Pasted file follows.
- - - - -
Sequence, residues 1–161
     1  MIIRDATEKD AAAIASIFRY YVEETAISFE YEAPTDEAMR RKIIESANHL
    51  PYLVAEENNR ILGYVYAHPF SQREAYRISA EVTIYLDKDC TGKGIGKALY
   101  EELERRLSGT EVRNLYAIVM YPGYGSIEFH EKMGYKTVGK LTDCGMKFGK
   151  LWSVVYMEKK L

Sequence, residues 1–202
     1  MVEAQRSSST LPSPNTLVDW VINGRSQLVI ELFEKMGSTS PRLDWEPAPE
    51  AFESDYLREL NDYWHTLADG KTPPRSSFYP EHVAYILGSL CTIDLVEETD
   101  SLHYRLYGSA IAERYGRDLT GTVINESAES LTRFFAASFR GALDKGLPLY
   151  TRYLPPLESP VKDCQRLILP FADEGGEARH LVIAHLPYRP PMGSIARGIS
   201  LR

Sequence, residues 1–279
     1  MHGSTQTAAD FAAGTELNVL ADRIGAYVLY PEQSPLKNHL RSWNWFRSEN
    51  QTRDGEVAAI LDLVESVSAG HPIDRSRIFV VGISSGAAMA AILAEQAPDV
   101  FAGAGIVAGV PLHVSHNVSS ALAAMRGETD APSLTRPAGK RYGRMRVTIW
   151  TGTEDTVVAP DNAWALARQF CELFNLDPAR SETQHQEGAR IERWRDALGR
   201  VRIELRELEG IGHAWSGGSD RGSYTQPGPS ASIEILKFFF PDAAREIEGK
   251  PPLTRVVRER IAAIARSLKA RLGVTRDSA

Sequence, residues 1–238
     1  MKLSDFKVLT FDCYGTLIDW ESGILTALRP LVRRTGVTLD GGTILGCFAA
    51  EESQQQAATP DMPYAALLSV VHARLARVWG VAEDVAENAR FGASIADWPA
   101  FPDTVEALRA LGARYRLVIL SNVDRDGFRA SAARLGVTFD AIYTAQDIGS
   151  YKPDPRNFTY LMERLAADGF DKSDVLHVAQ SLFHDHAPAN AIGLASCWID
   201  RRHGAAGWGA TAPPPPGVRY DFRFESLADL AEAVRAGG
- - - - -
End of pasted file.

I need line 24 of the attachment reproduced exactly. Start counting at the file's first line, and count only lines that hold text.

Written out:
   201  RRHGAAGWGA TAPPPPGVRY DFRFESLADL AEAVRAGG